In May, we’ll be talking about how and why we’re developing technology to produce protein in a more sustainable manner.
Every year Milan hosts Seeds & Chips, the global food innovation summit. With keynote speakers of previous years including Barack Obama and Bill Gates, the quality of the summit speaks for itself. We’re thrilled to be involved and can’t wait!
This month Pete and Rob showed off Deep Branch’s technology at the Tech Nation grand finals. It was a great day with loads of good tech on show, we’re looking forward to seeing where some of the companies go in the future. Of particular interest was Seed Legals, not least because they recently helped us finance our Pre-Seed round!
Later this month we’ll be showcasing our tech at Hello Tomorrow, the world-leading deep tech summit. But what is Deep Tech?
Deep tech described technologies are heavily based in science and engineering and extremely IP (intellectual property) heavy. Often when people think of the hottest tech start ups, peoples think of software based companies that are “The Uber of X” or the next Facebook. In contrast, deep tech start ups require in depth knowledge of the most cutting edge scientific disciplines and are therefore closely linked to academic research.
Various challenges exist in starting a deep tech company. Even if you leave aside the technological hurdles, securing funding to cover niche technical equipment and an extensive patent portfolio is often problematic. We’re looking forward to Hello Tomorrow because it will provide an opportunity to meet innovators from completely different fields that face similar problems.
At Deep Branch, we don’t just believe our technology can make an impact in how we produce protein. Instead, we view it as a platform technology that can be utilised to aid sustainable production of a range of products. This week, we met with Lord Henley, Parliamentary Under Secretary of State at the Department for Business, Energy and Industrial Strategy (BEIS). During this meeting, we discussed why circular solutions are crucial for industrial strategy going forward.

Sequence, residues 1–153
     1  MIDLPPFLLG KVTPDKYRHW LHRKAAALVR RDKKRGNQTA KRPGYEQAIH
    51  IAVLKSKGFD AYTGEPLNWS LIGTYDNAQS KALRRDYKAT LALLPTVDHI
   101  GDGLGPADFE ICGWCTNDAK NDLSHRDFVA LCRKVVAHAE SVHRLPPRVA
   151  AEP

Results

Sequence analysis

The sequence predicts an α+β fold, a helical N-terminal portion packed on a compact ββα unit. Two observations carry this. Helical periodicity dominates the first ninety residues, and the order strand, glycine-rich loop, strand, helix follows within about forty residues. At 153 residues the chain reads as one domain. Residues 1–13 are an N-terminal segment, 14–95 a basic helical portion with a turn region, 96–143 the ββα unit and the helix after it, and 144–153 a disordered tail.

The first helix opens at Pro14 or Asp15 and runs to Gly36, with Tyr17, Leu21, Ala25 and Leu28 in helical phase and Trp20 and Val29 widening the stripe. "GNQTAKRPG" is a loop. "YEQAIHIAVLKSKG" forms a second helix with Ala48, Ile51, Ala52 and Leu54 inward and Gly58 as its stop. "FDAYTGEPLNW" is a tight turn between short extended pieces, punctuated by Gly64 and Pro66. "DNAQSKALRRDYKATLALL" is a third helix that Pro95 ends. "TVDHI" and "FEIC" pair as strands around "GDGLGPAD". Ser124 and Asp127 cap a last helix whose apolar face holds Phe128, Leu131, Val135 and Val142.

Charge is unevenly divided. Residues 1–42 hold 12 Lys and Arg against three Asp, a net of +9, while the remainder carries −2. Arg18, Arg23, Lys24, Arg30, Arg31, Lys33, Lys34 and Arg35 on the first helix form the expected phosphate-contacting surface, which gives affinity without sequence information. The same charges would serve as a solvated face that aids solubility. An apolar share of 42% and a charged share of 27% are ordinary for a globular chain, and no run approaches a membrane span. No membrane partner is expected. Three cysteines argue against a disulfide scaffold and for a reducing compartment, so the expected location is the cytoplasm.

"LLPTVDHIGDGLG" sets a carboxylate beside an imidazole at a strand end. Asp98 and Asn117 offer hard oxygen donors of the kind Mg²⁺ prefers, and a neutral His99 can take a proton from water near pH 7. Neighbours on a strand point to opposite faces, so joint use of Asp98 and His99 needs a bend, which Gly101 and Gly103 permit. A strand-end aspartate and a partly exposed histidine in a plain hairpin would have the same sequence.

Of course, we aren’t the only ones working on ways to recycle carbon-rich waste streams. Often you’ll hear us talking about the good work LanzaTech are doing in the field producing green chemicals from utilising similar gas fermentation technology. If you want to keep up to date with the cutting edge science in this field, we recommend you check out CCnet.
Forbes highlighted the game-changing potential of the Deep Branch process. Citing the technology’s ability to removes carbon dioxide directly from industrial emissions, converting it into nutritious protein.
What Pete had to say about it:
“We established Deep Branch Biotechnology to make the biggest possible positive impact on the world, in the shortest possible timeframe. In the six months since the company’s inception, we have already begun to make this ambition a reality. We’re thrilled that Forbes have recognised our advances to date, but don’t plan to slow down anytime soon. We’ll shortly be unveiling our plans with commercial collaborators to start producing protein directly from industrial emissions and are shaping up to have our next big funding round closed by the end of the year.”
Today saw Deep Branch officially move into BioCity‘s Nottingham facility, MediCity.
MediCity is home to some of the UK’s most innovative biotech companies and fast becoming one of Europe’s leading hubs. Already part of the community are Chain Biotechnology and Nu Vision, companies developing microbiome therapeutics and next generation wound dressings respectively. With Deep Branch coming in as the first of a new generation of BioCity accelerator alumni, we can’t wait to see who else is joins the party.
Earlier this month, the Deep Branch team attended the C1net, a conference covering all things gas fermentation. It was great to see how other minds were putting this game changing technology to use.
Highlights included LanzaTech‘s CSO and founder Sean Simpson talking about how they’re turning steel mill off gas into jet fuel (amongst other things). The three Deep Branch co-founders worked closely during their PhDs with LanzaTech, so it’s always nice to catch up!
This year, C1net will rebrand as CCnet, a network for academic and industrial research into recycling waste derived from greenhouse gases into high value products. We look forward to playing a big part in driving the community forward!